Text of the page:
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Intersection: How Florida's Busiest Airport Rode Out The Pandemic

Orlando International Airport. File photo: Isaac Babcock, WMFE
Orlando International Airport. File photo: Isaac Babcock, WMFE

Orlando International Airport’s passenger traffic is picking up again. The airport says its memorial day weekend traffic is expected to be not far off where it was in 2019. That’s a far cry from this time last year, when passenger traffic had virtually ground to a halt. 

Phil Brown, CEO of the Greater Orlando Aviation Authority, announced not long ago that he’s stepping down- although he’ll stay on until the board hires a new CEO. He also wants to see the South Terminal through to completion. 

Brown talked to Intersection host Matthew Peddie about the challenge of keeping Florida’s busiest airport running during a pandemic. He compared the recession and its impact on tourism and travel to the impact of 9-11. 

"This is similar but not the same to 9-11. This will change the way aviation industry operates, I think we'll be much more conscious about health issues and the volume of air in the aircraft, the cleanliness of facilities. I think for a period of time, you're still gonna be wearing masks, until there is, you know, generally most of the folks are vaccinated."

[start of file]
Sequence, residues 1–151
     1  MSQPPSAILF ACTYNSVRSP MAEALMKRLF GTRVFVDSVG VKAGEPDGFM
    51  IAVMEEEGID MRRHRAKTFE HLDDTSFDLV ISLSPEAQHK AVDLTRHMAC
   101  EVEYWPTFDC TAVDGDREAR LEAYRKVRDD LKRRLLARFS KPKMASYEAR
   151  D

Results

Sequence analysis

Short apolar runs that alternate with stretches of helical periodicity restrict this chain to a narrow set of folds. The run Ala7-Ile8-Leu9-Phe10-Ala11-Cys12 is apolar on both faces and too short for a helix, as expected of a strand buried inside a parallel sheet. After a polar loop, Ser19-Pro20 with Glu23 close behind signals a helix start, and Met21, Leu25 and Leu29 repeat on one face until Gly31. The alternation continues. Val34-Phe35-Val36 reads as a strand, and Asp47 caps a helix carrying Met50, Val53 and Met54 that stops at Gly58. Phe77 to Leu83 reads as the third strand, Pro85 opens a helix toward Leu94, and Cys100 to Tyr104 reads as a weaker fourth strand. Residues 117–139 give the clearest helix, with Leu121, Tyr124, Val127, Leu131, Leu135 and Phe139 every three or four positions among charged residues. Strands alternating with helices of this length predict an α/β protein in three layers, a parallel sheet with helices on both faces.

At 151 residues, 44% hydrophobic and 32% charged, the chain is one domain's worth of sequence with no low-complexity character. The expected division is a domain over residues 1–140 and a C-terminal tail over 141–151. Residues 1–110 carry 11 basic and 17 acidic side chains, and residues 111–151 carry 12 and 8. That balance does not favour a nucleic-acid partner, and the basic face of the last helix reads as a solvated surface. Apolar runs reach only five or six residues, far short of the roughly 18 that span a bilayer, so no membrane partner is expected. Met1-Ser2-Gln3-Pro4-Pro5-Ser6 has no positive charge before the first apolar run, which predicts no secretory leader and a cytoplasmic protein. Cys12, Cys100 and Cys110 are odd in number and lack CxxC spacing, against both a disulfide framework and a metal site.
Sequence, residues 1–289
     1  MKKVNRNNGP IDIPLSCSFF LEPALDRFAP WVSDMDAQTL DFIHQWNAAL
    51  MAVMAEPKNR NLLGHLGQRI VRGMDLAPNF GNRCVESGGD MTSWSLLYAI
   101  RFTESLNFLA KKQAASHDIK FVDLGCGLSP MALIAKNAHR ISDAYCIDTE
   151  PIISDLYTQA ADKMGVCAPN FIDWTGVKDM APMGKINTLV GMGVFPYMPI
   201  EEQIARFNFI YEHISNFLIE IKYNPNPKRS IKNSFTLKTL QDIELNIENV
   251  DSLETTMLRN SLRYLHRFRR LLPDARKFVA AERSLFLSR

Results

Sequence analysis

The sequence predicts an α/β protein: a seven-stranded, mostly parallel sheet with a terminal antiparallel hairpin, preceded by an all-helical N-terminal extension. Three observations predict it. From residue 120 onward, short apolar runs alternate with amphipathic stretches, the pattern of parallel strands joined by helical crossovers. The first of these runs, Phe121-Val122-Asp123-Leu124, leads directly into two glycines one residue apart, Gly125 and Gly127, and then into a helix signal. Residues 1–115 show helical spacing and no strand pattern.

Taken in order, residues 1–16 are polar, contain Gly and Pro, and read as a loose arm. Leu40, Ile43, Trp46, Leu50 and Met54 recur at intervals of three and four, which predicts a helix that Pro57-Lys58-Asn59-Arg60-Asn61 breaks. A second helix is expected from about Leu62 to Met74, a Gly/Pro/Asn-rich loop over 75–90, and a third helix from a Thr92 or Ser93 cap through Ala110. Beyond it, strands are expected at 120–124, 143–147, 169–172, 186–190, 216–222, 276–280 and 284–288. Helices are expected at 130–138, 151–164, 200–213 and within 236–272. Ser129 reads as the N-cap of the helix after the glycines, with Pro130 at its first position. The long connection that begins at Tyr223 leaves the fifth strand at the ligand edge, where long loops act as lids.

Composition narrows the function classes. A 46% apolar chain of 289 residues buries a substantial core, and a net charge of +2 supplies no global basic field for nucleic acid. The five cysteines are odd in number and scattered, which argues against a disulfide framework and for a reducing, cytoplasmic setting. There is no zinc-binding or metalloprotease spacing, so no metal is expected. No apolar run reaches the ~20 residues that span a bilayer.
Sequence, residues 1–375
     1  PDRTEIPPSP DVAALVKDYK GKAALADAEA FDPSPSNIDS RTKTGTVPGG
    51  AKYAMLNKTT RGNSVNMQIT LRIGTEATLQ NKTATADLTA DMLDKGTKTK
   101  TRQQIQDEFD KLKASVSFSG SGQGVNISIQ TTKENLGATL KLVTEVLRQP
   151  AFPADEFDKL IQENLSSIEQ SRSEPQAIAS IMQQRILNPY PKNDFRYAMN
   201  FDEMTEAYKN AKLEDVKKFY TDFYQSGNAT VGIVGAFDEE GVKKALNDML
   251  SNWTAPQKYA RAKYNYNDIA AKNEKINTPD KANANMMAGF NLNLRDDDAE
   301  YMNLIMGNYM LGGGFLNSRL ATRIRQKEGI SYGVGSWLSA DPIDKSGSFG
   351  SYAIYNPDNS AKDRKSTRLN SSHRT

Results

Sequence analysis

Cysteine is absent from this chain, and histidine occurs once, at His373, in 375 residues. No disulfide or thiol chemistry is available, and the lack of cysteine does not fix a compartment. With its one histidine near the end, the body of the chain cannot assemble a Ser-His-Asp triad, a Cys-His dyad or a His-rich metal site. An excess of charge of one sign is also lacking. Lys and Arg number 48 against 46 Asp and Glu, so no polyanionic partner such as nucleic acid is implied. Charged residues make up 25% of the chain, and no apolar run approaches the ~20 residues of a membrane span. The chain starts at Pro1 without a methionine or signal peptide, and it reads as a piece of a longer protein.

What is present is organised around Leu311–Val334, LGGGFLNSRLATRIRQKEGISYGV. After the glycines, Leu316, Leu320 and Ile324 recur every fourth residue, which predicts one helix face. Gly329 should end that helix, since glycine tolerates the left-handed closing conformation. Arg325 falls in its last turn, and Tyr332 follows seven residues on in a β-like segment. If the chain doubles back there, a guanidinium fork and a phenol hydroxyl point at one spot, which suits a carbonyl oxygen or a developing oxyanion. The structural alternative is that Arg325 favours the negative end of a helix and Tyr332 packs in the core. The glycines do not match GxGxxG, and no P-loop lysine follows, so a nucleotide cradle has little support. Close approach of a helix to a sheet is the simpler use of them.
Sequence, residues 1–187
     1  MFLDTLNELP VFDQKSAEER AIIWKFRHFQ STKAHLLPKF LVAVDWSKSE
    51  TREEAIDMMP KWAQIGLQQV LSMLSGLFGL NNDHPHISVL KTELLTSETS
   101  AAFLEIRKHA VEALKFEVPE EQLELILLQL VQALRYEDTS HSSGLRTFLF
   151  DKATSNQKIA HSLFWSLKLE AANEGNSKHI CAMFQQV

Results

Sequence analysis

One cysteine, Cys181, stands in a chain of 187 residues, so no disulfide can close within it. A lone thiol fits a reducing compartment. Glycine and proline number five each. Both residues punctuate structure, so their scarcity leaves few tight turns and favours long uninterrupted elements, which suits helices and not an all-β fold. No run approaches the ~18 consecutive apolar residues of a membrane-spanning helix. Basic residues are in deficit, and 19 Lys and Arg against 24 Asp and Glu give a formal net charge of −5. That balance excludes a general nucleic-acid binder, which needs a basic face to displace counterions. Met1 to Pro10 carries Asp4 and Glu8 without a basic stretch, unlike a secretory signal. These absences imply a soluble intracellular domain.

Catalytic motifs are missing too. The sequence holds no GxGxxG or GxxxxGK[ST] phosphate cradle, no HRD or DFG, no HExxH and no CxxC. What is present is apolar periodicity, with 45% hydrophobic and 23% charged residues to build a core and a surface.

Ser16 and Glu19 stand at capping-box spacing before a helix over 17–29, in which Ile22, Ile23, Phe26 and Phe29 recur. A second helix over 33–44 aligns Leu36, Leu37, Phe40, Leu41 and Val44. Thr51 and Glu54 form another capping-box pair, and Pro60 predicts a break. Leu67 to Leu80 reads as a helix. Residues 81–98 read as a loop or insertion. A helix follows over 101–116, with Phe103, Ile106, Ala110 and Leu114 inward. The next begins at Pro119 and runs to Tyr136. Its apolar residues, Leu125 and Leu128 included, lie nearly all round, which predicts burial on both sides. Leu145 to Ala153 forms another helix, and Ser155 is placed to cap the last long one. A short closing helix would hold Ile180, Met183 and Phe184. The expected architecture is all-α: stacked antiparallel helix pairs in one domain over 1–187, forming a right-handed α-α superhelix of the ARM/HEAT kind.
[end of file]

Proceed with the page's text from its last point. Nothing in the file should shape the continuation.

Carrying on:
Brown says the downturn in passengers last year forced the airport to look for other revenue streams. Those include cargo, and potentially attracting other businesses to the airport property.

"We've got more land than any other airport in the state in terms of the ability to expand and put facilities on. So those are the things that that we're looking at going forward that we need to broaden our effort on, so that we can guard against another downturn, and whether it's a pandemic, or whether it's a recession, we know historically, those things come in cycles."

Still, Brown says, passengers remain the driving force of the airport.

"This is a people business, running an airport, if you're going to be successful, particularly in an environment where we're viewed as a community asset. But the reason that it's important for us is that Central Florida's economy is built on the concept of hospitality. And we have to be worth the first impression or the last impression. We all have to be focused on that."